Equational reasoning: A systematic review of the Cuisenaire–Gattegno approach

The Cuisenaire–Gattegno (Cui) approach to early mathematics uses color coded rods of unit increment lengths embedded in a systematic curriculum designed to guide learners as young as age five from exploration of integers and ratio through to formal algebraic writing. The effectiveness of this approach has been the subject of hundreds of investigations supporting positive results, yet with substantial variability in the nature of results across studies. Based on an historical analysis of one of the highest-fidelity studies (Brownell), which estimated a treatment effect on equation reasoning with an effect size of 1.66, we propose that such variability may be related to different emphases on the use of the manipulatives or on the curriculum from which they came. We conducted a systematic review and meta-analysis of Cui that sought to trace back to the earliest investigations of its efficacy. Results revealed the physical manipulatives component of the original approach (Cuisenaire Rods) have had greater adoption than efforts to retain or adopt curriculum elements from the Cuisenaire–Gattegno approach. To examine the impact of this, we extended the meta-analysis to index the degree to which each study of Cuisenaire Rods included efforts to align or incorporate curricular elements, practices, or goals with the original curriculum. Curriculum design fidelity captured a significant portion of the variability of efficacy results in the meta-analysis.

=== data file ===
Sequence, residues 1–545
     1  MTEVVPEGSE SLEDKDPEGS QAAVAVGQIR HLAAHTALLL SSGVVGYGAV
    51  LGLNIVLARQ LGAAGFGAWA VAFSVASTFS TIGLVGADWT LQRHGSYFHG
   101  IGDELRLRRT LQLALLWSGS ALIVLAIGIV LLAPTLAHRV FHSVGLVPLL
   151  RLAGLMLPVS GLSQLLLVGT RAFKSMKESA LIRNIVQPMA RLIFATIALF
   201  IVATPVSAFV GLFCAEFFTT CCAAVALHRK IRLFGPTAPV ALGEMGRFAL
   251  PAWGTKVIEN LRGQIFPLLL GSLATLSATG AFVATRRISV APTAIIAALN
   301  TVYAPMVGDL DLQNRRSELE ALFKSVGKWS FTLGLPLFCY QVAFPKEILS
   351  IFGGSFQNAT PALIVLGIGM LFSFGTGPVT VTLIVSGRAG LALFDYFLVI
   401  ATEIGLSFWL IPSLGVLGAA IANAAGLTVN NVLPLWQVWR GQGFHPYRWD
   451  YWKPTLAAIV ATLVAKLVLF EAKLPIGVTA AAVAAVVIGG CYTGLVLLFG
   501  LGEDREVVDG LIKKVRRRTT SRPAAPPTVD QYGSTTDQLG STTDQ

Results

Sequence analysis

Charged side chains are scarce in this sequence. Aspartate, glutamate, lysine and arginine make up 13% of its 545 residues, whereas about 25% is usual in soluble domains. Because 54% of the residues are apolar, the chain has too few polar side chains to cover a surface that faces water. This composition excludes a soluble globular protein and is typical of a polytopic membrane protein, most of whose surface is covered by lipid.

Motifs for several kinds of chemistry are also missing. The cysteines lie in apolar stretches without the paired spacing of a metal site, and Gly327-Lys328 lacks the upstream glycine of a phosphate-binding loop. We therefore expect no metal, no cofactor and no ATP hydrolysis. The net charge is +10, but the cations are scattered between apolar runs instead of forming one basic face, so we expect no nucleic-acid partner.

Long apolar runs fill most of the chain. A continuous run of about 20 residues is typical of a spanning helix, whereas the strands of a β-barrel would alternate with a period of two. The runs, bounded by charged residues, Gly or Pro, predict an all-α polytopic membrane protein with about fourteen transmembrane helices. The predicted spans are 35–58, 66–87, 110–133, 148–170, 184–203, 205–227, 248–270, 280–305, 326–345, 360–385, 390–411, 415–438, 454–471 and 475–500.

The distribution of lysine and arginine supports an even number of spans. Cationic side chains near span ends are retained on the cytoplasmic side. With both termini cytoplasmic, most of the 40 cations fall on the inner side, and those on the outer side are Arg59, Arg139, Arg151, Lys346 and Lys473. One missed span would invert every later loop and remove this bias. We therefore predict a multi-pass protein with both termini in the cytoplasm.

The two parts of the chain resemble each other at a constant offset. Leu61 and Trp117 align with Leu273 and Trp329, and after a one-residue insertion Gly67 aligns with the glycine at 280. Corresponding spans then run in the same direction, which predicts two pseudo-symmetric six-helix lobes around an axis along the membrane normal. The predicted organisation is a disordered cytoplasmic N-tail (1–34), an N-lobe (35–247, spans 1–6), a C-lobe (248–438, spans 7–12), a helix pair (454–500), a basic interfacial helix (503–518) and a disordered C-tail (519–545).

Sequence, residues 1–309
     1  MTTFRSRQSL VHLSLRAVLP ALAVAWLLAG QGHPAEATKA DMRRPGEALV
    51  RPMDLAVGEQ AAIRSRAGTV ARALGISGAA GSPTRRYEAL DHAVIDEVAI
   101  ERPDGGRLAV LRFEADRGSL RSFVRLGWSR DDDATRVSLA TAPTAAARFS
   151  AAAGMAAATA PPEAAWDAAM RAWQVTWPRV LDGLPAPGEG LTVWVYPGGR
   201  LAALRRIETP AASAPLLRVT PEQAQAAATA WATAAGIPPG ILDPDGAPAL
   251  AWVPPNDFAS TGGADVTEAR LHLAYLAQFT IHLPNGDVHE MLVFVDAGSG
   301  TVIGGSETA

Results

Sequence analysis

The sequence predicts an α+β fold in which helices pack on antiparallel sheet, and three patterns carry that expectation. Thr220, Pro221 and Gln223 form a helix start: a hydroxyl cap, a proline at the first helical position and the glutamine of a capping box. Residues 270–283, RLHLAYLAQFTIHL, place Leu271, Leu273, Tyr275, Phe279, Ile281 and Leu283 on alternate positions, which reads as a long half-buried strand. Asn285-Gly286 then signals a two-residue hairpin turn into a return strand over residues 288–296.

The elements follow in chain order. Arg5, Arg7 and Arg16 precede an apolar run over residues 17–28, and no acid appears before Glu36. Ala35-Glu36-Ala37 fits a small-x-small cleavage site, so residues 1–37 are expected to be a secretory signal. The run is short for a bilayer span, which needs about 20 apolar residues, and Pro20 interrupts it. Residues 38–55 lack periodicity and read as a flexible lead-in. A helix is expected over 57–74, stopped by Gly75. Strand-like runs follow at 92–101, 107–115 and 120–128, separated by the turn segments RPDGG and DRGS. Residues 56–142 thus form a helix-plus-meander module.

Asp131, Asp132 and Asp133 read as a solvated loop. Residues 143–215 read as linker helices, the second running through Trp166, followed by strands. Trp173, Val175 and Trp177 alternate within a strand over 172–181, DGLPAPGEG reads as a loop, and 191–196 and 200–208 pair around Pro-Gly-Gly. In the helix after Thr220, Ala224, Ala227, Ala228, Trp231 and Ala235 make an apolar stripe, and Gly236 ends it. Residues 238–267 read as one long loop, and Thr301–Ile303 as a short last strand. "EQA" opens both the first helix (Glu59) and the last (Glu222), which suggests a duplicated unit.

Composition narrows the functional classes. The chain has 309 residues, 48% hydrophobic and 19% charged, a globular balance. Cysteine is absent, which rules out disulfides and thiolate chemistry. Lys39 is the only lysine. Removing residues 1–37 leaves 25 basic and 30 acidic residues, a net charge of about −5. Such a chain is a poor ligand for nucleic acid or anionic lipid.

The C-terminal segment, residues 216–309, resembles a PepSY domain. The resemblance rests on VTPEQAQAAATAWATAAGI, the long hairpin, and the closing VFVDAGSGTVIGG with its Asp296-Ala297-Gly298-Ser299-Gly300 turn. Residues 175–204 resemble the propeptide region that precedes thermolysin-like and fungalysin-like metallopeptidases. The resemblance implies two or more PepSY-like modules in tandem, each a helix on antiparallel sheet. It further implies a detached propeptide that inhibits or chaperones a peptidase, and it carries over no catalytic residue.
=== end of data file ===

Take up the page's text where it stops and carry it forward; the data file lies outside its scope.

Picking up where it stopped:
Frontiers in Education

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